giovannisgroom2023-05-24 still processing, part 2: a tickling moment of feeling free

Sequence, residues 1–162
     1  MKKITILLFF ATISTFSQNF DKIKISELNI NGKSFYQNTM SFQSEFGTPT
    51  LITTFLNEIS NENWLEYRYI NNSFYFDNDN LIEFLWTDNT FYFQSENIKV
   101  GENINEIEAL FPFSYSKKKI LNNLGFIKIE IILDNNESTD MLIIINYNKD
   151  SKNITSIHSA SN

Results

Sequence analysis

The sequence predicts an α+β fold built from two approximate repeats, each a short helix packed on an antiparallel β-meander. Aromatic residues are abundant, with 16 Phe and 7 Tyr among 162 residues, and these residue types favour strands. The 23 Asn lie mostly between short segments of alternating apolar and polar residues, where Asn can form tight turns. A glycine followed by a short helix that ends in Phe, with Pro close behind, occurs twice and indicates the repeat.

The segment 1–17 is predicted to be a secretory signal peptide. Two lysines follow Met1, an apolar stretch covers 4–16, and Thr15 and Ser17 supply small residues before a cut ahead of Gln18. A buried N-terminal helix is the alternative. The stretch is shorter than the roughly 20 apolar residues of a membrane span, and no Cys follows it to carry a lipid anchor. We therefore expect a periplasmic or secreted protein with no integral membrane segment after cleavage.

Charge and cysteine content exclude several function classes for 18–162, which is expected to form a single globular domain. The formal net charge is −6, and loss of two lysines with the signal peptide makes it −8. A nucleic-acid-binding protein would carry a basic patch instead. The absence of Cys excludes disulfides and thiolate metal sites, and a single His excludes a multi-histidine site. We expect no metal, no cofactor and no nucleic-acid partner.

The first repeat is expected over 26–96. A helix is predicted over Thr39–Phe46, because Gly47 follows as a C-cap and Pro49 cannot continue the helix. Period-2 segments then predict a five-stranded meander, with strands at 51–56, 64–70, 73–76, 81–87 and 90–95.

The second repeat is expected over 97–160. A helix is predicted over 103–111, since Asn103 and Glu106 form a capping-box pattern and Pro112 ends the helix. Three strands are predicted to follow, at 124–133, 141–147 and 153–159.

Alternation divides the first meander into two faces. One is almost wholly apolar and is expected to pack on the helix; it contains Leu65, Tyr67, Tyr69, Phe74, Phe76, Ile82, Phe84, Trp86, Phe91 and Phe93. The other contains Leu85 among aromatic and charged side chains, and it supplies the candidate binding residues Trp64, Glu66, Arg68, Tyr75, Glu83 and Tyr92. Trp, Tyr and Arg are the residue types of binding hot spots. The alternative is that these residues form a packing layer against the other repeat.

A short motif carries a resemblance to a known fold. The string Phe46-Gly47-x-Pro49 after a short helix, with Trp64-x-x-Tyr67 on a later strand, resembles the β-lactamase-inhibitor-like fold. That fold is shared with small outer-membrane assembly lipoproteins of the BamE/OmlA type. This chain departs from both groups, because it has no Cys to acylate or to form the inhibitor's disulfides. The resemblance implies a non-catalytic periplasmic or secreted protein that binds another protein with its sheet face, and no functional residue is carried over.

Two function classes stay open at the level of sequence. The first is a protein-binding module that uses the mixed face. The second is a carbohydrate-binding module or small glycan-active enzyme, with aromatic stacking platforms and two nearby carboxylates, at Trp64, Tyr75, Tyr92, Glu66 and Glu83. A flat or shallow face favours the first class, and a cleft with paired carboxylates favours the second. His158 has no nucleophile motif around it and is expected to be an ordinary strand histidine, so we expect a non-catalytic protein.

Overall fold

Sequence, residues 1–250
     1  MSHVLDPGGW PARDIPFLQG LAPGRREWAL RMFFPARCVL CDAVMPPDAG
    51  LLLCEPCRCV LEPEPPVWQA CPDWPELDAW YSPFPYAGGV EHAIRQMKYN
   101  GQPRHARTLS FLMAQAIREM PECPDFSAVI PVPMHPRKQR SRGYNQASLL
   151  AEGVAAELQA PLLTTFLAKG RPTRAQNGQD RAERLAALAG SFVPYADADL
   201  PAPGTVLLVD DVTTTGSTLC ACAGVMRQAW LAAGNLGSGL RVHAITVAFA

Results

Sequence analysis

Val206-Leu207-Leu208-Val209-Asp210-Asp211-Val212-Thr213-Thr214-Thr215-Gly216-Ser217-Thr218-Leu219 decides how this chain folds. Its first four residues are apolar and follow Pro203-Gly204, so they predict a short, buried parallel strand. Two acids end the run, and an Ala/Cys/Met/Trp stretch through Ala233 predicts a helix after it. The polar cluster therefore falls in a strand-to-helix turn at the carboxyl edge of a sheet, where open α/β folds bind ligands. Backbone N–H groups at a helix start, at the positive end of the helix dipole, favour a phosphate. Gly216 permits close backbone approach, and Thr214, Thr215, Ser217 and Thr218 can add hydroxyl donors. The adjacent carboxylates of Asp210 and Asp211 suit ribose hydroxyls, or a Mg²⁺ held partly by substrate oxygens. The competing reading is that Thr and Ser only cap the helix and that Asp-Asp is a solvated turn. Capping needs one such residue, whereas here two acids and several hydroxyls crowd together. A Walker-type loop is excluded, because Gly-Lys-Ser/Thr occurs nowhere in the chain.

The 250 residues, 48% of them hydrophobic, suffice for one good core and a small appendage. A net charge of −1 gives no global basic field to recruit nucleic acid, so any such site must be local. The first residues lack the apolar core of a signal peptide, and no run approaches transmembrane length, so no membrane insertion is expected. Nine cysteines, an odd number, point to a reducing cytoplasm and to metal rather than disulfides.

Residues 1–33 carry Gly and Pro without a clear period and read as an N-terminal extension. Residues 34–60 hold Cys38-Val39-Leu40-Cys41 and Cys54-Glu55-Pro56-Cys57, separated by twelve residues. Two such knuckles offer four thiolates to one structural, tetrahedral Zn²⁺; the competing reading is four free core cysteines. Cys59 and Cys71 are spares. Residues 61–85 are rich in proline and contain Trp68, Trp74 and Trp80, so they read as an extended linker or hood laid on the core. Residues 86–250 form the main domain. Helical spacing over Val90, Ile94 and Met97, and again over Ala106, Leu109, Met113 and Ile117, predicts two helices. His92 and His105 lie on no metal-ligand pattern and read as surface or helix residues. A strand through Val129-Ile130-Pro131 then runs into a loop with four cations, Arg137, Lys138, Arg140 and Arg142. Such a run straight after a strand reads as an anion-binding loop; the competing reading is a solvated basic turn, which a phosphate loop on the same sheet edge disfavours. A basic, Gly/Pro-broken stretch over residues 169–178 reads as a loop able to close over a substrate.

A second thing I will tell Pauli about is my immersion into the world of contact improv. I was only vaguely familiar with contact improv when I first met Pauli last summer. I had done it once before but in a one-on-one context (not in a group as is most typical). In my relationship with Firas, they introduced contact to me one night as a way for us to communicate with our bodies when we didn’t feel like we had the words to say what we needed to express (what happens when two Leos try dating). Them teaching me contact that night feels like a core memory — if our lives were actually that Pixar movie, Inside Out, the memory would look like a shiny sapphire orb, glowing in the back of my hippocampus, sitting alongside the orb, “baby’s first slow dance, 7th grade, bowl cut.” Firas had come to visit me in Brooklyn and rented an Airbnb a bit further east on Dean Street. I could walk but decided to roller blade, always feeling slightly more myself when being with them. They invited over a few of their other closest people in the city, and we had a decadently autumnal meal (I remember the way the maple glazed itself onto the acorn squash). After everyone had left, we finally had alone time together. It had been almost 18 months since we’d seen each other in person — both a cause of the pandemic and a break up that coincided with it. We sat down on the couch and were talking through what we wanted the week to look like and how it felt being back in the same space. We were both struggling to feel super comfortable being reacquainted with each other and our bodies (we were often cuddling if we were alone). I imagine Firas scanned the room: the Airbnb had a record player with a surround sound system, adjustable warm lighting, and a massive living room. They asked me if we could put on a record and jam (the verb for “doing contact improv;” relevant for later, “jam” is also the noun). As someone who is historically not comfortable in my body, I felt instantly anxious and asked them to explain what to do (one of my deepest surface-level fears is being a bad dancer, especially in a partner dance). They told me that contact is effectively a dance that is the exploration of one’s own body and the other bodies. Physical contact between bodies initiates the dance, and touch and weight-sharing serve as the cues to the improvised movements that come next. It can look as still as people standing shoulder to shoulder slowing rocking side to side and as dynamic as elaborate aerial sequences. There can be music in the from of a subtle, instrumental backdrop, or no music. The main music criteria is that it shouldn’t be central enough to determine the rhythm, how the people move —the music can set a general tone that can shift the pace of the movements, but generally it’s the bodies that determine how and where the dance goes. (I Googled “contact improvisation,” and the first video is a cringey TedTalk, sorry: https://youtu.be/TbjUPAaqkPQ) I elected myself to pick the record — if I was going to make a fool of myself I at least wanted to listen to something I liked. Sifting through the records, most of them seemed like the $1 give-aways you’d find at a garage sale. But then I saw it: a vinyl of the full length song Appalachia Spring by Aaron Copland. I imagine this means nothing to you, at least it didn’t to me until I took at college class (let’s say it was called Music, Materials, and Design), one of those classes that made the whole liberal arts thing feel worth it for a 10 week moment. Each class would start with the professor choosing a song for the class to listen to, the twenty of us gathered on the top floor of the 11-story Logan Arts Center building, views stretching beyond campus to Lake Michigan and even further to the downtown Chicago skyline. A very Bauhaus art vibe, the room was minimalist city, just a grand piano, the walls lined with floor-to-ceiling windows on all sides. For one of the classes, the opening song was Appalachia Spring. Usually the chosen song would last maybe three minutes, but our sneaky prof didn’t tell us that in its full length, Appalachia Spring would go on for nearly 26 minutes. We subsequently spent over half to class in the twists and turns of the orchestral string and horn masterpiece. I either cried then in class or listening to it on my way home (probably both), and surely if Spotify did its yearly Wrapped in 2017, that would have been my número uno. Something about it spoke to me, that moment in my 22-year-old life where the patience of a 26 minute song held me through the rushing impatience of having so many things around me come to an end: college, my first relationship, playing soccer, leaving the only place I ever really lived that wasn’t Alabama. In the Airbnb, I held the vinyl: what an occasion for this little gift to make a cameo again. The beautiful mysteries that felt so quotidian when me and Firas were together. Copland’s epic became my obvious choice of soundtrack, and as we danced, I forgot I wasn’t supposed to know what I was doing, which looking back, I guess is part of the point of contact — to find a flow where you don’t actually make conscious moves, where the bodies do what we often don’t allow them to do in our day to lives: let them listen and move accordingly. I loved it, but me and Firas broke up for good and it was the pandemic so I told myself I’d find contact again, my attempt at being as patient as Appalachia Spring. — — — — — Last summer I was sitting naked with Pauli at what we named Lake Xeon (long live SOPHIE) the next time I heard of contact. They were telling me their plans for Wednesday, which included going to a jam in Berlin. I loved the idea of finally doing contact with a group of people, but I had Wednesday plans to sit naked next to a different lake with Nathalie and then try to sneak into the Shygirl concert at Ber*hain. I told Pauli I would join them if I didn’t get into Shygirl, but spoiler, I got in. Pretty privilege, according to Claudia, and also a really sweet redhead bouncer who shared my big dreams. Even as magical as the concert was, it was sort of sweet to realize I felt the fomo of missing contact in Berlin (and contact with Pauli). So I listened to that, and when making a list of things I wanted to do when I returned to bk, contact made the top spot: - Going to contact jams - Sex work - Shucking oysters (???) - Fresh squeezed OJ - Posting on moodring — — — — Katie calls it queer hive mind when we (faggot people) all have the same thoughts. I’ll call this dance hive mind — me coming back from Berlin last summer and entering Dean house, Alli telling me she wants to try contact improv sometime soon. We both join the contact NYC WhatsApp chat and make a commitment to each other to make the Tuesday beginners class every week. So for the next six months quite consistently (albeit some travel and sickness), we make our way each week to the second floor of a SOHO loft, where a wood dance floor at a live-in artist studio becomes a third place for us. I don’t remember exactly what I expected to learn from contact (I think I just wanted to be a dancer!), but it became clear immediately that contact was going to touch parts of my life that other forms of movement — soccer, swimming, the occasion yoga — weren’t quite reaching. The format of the Tuesday beginners class more so less looks the same, even though each month the instructor rotates. The class starts with an opening ritual, the 20 or so dancers sitting or standing in a circle, usually some part of our bodies touching, linking us physically together. We share names, pronouns, sometimes fears for the upcoming class, sometimes the image of the last animal we interacted with. The ice breaker then evolves into an exercise both preparing the body for physical activity as well as for intimacy. A memorable exercise is walking around the room and asking people to share a dance, and the required script is to say “no,” to practice both receiving and giving rejection and to explore the feelings that then come up. “It’s important we practice not bringing our ego onto the dance floor,” one instructor tells us. I am confronted with the insecurities of why someone doesn’t want to dance with me and the projections of why I don’t want to dance with someone else (the former being helpful to explore through contact, the latter being helpful safety queues but also containing potential limits due to judgement). In moving through these exercises, I realize I have never been in a group setting — let alone a somatic space — that asks its participants to make space for these feelings, to not judge them, and to move through them together in dance. (It made me wonder what soccer would feel like if as we warmed up for a practice, we talked about how the competition triggers anything in us, how to be queer / femme in such a masculine-demanding setting, how to tell someone else any of this. I loved how playing so much queer soccer in NYC challenged me to ask myself these questions privately, but collectively, that space was infrequent at best. Maybe that’s why I left it for dance.) This realization about the collective effervescence of contact comes with both a rush of fear and excitement, reminding me of a Melissa Febos’ essay on attending a cuddle party in Manhattan (recommended by Ash — thank you, my sister). The cuddle party’s goal is to bring people together to access physical touch without the dynamics of power, privilege, race, gender, etc. that are typically inherent (and often end up being barriers) to exploring physical touch. But when Melissa went for her first time, she found it challenging to access the proposed goal: “I feared myself, mistrusted my ability to say no. That was why I had come back.” For me, part of why fearing contact was so easy at first was because I have had such little experience with intentional and reciprocal physical touch in my life so far. The list is short: - Soccer (which has mostly been suppressed homoeroticism and touched initiated by brute impact of force) - Sex (🥴) - Platonic cuddling with the rare friend - The occasional long hug - Being with pets? On October 4th, when Alli and I went to our first contact class, I wrote in my journal: “I feel like I spend so much time / mental energy with my own body that I can’t even focus on listening to someone else’s, which feels so relevant to sex. There’s something also happening with thinking I’m going to hurt someone else with my body? This space is what me and Alli have been looking for. We will be back.” Because touch has been so foreign to me, it started to make sense that in situations where I do have intentional, reciprocal physical touch (especially when it’s prolonged), my attention is overworked, overstimulated. The ego is on blast, and my body can’t either ease into it or listen appropriately to any other bodies. That feels like the origin of the self-consciousness I felt from the first class. The same feelings that have often come up in sex. I thought about all of this, journaled about this, talked about it (mostly with Alli and Ash) with such epiphany. Like the thing that would finally bring me closer to my body and then subsequently the bodies of others would be contact improv (instead of continued efforts at causal sex, trying to cuddle more with friends, sex therapy). So when I picked up Melissa’s book of essays, Girlhood, a few months after starting these classes and read about her experience at the cuddle party, I felt in such accordance with her. At the end of the essay, she brings the reader to her finale: “What is the effect of ignoring your body’s wishes for decades? I suppose that is the premise of this essay, the answer to the question that drove me to write it. Why did I have such a challenging experience at the cuddle party? Because I had so long ignored my body’s wishes that they had become illegible to me.” — — — But I guess I don’t want my own essay to stop there. At our Udon noodle dinner reunion, Pauli shows me a list of jams happening in Berlin this week. Later that night on the toilet, I look into the list. Pauli warned me that there aren’t that many jams that are queer centric. I have never felt that the SOHO classes were ever that straight or even cis, but I keep that in mind as I read the descriptions. I do however come across a class at a studio called The Village that advertises itself as promoting “queer masculinities,” which feels coded for “cis bodied gay men only,” even though the website is waving the trans flag wherever it can. Seeing this, I think again of Melissa Febos. I think of how she felt so magnetized to the cuddle party as a direct result of feeling so repelled by it. How knowing what her body feared was a window into what her body needed to overcome. And when she did go back to the cuddle party a second time, she found such sanctuary when eventually cuddling with a woman named Brenda: “The capaciousness of my interaction with Brenda told me that she recognized the metaphysical boundary between us. She did not rate her own agency over mine, nor was she interested in manipulating or directing me. Brenda was interested in a mutually consensual interaction. My exchange with her clarified how those men had wanted to reach into my space and prob me toward what they wanted, how they valued my interest less than the touch they sought. Misogyny filters so granularly into action … they simply valued their needs over mine.” The obvious synthesis of this quote with wondering whether I should dance with the “queer masculinities” is that I shouldn’t. Why should I trust that a space made by men for men would respect my metaphysical boundary in any way? There’s more to this story, though. It is the next evening, and I’m at a Georgian feast of a dinner with Liam. Liam preps me for a full weekend of partying — the 2CB, the best spots, the tricks to get into Berghain, the dumpling place that’s open all night. I tell Liam I just want a safe and queer dance floor. “No queer masculinities,” I say. Liam tells me about a recurring nightmare he’s been having. He is in Berghain, and when the smoke on the dance floor clears between songs, he realizes it’s just masc, shirtless men around him. He tries to leave, but all the doors that should be exits lead to bathrooms that are mazes. He’s trapped. Not only physically but in the dungeon of the desire that he also has for these men. The femme failure of desiring queer masculinities. I think about how my friend Xacia told me that when she transitioned, she lost her sexual desire for cis men. I poke my fork into the vegetable Khinkali, watching the juices leak out onto the white ceramic plate, the Khinkali changing shape as it drains. I wonder, if poked at, desire is that easy to mold, too. Although Liam’s nightmare is his, not mine, it feels like it’s been my reality, too. How the whole weekend of partying I ended up having, I felt the unkinky bondage to the desire for the shirtless men that were in fact inside Berghain and how unsolvable of a contradiction it is for me: how can I both want a dance floor free of shirtless men but then hope to bent over in the bathroom with a jock-strapped daddy by the end of the night? To want to be free* for me can mean both to be running away from and decisively entangled with men. It is our unfortunate labor, Melissa writes, to have to “uninstall so many of the mechanisms of the patriarchy.” So maybe it’s true that if I want to uninstall the power men have over me, I should poke a bit more and go to the source of it all with the training I’ve been building (a few months of beginners contact classes). — — Monday comes, and I bike over to The Village’s dance studio. I walk in right on time and see eleven cis presenting men mostly in their 50s sitting on couches, chatting in athleisure. I pretend to not feel their eyes on me as we warm up and think it’s odd I actually don’t feel that uncomfortable. But then I think maybe it’s not odd at all. I have practiced saying “no” on a contact dance floor week after week, and then, thanks to my sugar daddy, practiced boundaries specifically with older men. Part of why I am here is because I really am ready for this. The opening ritual is thankfully recited in both German and English. The instructor speaks from what I’ve come to learn is a pretty standard contact script: stay safe, listen to your body and others’, take breaks, leave whenever. But when consent comes up, the script shifts. It went something like this: “We take both pride and pleasure in queering contact improv. Queer men have been told to ignore pleasure for so long. We refuse to do that here. So if pleasure comes up for you, if you feel attracted to your partner, honor that. Communicate that. Don’t be afraid of that. But also, pleasure goes both ways. Your partner must reciprocate that desire for the dance to then become sexual.” On our post class A train rides back to Dean house, Alli and I often discussed the sexual element of contact, especially since we had a shared mutual crush for our first instructor. “What if I get turned on dancing with Chris,” I wondered. Would that fracture some sort of contact code? Would I be excommunicated from the world of dance? Surely not. But after several months of classes, we never had a collective class discussion on how to approach sex in contact. I mostly appreciated that absence. I wondered if we introduced the elephant into the room, would it be impossible to then contain it? Would the marginalized people suffer more and the mechanisms of the patriarchy spoil such a lovely space we’ve created? But in the same part of my brain that tries to center liberation or whatever, I sometimes wanted someone to say exactly what I was hearing at The Village: that our bodies are sexual and it’s maybe confusing and it’s maybe scary and all of that can be okay here. If we are going to do a dance where we ask ourselves to be honest and open with our bodies, isn’t that part of the work we should be doing? Listening to this man preface the class with a sexual disclaimer, I felt both of these perspectives at once: excitement sex wasn’t being ignored and distrust that now sexual advances would be tolerated, and me and the asian femme in the class would be trapped in dynamics we shouldn’t have to face while doing contact. As the introduction ended and the music initiated the start of the jam, I reminded myself of a journal entry I wrote after a contact class in January: “Giving someone access to my body doesn’t mean I have to give them access to sex with my body.” The playlist, a mix of melancholic and dramatic instrumental sounds, moved us towards each other. Like with Firas and many magical moments in SOHO, my body flowed from partner to partner, so connected to feeling and so removed from time. At one point I separated from the dancing and observed the room. There were two men no longer in movement, just cuddling on the floor. I wondered if this is what Melissa felt with Brenda, a collapse of the metaphysical boundaries that allowed these two men to meet in such a peaceful moment. Towards the end of the jam, I shared a very slow dance with a man wearing a shirt with a clichéd English mantra: “Remember that where you are is different than where you are are going.” One time when I was spiraling about not wanting to desire cis men, Rae asked me why I feel like it feels like a problem to me to have that desire. I guess the problem I keep returning to is something that Ash said after reading Girlhood, which is that desiring cis men can so often be wrapped up in the patriarchal expectation to please men, to satisfy them. Not to pursue desire for my own end, but because that’s what is demanded of me for them. I think about this in the context of The Village jam, of wanting to choose to move slowly in contact dance with a cis man because it’s my choice, not because not choosing it leads to an absence of pleasure for him. And how ultimately, this is what it ended up feeling like for me. There was an absence of any sexual intimacy but a real presence of mutually consensual interactions and of physical, artistic intimacy with cis men for probably the first time in my life. I have felt so far from accessing this experience with cis men (especially strangers) that I hadn't really even wished it. I still feel that queer masculinities as a mantra is not for me, not where I will be going. But I do want to experience intimacy and safety and rest in the arms of cis men more in my life. I want to know that I can, a shift from feeling like I should. I can trust my ability to say no, and to go back. The jam ends, and I lace up my shiny white new Sketchers and say “danke schön,” pronouncing it flawlessly. Google Maps says my bike home will be 26 minutes, so I queue Appalachian Spring and bike along the Spree, which would surely be renaturalized soon. — I have spent a lot of time thinking that if I could go back, I would have tried harder, at a younger age, to become a dancer. Invest less in soccer, go to the high school dance team tryouts, move to the music when my body begged for it. What if when I leave Berlin I realize so much of the trip has been exploring dance, a world that was foreign to me a year ago. Will anyone believe me? Will I remember it as that? Maybe what I’m learning looks more like a question: what if I could go forward and become a dancer? And maybe it’s not a question at all but a statement: what if I already have. ~~~ *On the last night of this trip, I bike to Tempelhofer to watch the sunset and pull out the long-awaited zine Meli and Kiek began writing last summer in Berlin and sent to me upon completion. It’s a series exploring bodily and temporary moments of autonomy. In it, they define free(dom) as: “Freedom as in this temporary, tickling moment of feeling free. Not freedom as a point of arrival, not of departure; not a neoliberal, capitalist joke. Rather a feeling, a social material necessity, a longing for autonomy and being; that what has fueled movements of resistance. The word freedom to describe a way of moving and out of being of embracing precise opacity of ephemeral feelings, a fluidity of selves and others, and so supposed contradictions. Freedom, then, as something always relational, embodied, ambiguous, little snippets — light, whole, shattered — of a moment, an opposite temporality.”